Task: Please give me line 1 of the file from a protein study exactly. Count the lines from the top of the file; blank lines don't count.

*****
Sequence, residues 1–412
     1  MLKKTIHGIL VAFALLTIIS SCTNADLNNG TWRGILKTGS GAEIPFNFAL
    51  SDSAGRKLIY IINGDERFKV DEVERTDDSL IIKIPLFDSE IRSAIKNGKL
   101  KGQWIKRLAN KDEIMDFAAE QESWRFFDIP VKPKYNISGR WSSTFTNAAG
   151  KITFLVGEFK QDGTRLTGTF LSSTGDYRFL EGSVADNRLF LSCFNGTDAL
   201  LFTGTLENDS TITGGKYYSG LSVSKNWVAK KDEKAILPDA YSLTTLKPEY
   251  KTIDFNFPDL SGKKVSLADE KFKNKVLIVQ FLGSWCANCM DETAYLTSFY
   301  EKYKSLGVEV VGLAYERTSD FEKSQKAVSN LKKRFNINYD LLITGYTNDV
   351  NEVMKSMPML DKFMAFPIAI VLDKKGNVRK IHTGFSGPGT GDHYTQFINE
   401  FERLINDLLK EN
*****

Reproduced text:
Sequence, residues 1–412